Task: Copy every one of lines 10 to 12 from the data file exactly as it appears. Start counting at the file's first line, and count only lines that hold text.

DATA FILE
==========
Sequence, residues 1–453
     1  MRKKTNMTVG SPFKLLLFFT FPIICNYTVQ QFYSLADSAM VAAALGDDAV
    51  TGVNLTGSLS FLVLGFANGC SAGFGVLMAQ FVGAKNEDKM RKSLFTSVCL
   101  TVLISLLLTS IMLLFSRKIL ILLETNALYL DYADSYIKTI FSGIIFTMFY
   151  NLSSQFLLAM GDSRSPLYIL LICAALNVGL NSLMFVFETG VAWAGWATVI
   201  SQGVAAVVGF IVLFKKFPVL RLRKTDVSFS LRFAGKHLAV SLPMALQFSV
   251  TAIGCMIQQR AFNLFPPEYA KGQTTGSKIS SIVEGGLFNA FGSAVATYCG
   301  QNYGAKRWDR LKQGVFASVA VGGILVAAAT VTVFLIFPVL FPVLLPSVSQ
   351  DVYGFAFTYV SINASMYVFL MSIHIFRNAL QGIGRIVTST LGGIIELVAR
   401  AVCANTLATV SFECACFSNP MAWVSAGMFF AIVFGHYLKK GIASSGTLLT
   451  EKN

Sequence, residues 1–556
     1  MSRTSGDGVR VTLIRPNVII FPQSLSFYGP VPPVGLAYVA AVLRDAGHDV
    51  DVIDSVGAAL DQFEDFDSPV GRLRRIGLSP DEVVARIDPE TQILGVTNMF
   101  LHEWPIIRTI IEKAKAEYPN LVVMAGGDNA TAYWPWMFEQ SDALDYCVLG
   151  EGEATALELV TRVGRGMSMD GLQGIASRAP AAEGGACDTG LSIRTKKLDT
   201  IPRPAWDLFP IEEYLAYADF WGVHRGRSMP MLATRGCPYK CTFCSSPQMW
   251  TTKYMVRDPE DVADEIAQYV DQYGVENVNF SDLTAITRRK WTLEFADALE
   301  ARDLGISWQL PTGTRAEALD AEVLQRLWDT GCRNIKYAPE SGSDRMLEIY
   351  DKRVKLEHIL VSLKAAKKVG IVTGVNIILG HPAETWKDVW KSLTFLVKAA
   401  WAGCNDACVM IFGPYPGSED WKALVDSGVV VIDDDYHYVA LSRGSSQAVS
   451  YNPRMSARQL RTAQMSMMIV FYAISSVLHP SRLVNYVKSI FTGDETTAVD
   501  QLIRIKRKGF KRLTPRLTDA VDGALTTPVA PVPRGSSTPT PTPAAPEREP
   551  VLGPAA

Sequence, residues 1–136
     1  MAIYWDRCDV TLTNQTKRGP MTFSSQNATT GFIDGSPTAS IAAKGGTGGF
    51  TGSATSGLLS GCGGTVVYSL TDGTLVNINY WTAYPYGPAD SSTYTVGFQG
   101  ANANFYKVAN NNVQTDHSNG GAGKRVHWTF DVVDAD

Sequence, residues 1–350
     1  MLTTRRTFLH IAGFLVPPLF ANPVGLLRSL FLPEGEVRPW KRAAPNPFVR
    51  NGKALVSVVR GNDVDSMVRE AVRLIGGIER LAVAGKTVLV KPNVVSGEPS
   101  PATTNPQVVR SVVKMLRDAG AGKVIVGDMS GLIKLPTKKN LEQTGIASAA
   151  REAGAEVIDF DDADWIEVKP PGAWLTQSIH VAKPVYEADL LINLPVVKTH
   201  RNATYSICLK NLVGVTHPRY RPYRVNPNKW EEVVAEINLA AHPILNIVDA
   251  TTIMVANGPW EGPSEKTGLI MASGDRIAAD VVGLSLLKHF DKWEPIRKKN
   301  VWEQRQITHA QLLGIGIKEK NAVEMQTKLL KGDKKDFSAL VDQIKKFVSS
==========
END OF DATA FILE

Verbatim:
   401  AVCANTLATV SFECACFSNP MAWVSAGMFF AIVFGHYLKK GIASSGTLLT
   451  EKN

Sequence, residues 1–556